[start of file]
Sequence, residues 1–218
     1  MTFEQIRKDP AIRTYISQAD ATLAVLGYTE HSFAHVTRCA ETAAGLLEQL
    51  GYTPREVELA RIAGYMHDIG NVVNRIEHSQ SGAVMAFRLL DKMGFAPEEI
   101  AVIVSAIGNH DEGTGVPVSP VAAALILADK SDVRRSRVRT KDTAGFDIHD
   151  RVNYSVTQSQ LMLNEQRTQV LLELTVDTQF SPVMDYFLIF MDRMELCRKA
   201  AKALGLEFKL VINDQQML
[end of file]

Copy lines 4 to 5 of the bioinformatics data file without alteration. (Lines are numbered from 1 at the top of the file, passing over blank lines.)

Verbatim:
   101  AVIVSAIGNH DEGTGVPVSP VAAALILADK SDVRRSRVRT KDTAGFDIHD
   151  RVNYSVTQSQ LMLNEQRTQV LLELTVDTQF SPVMDYFLIF MDRMELCRKA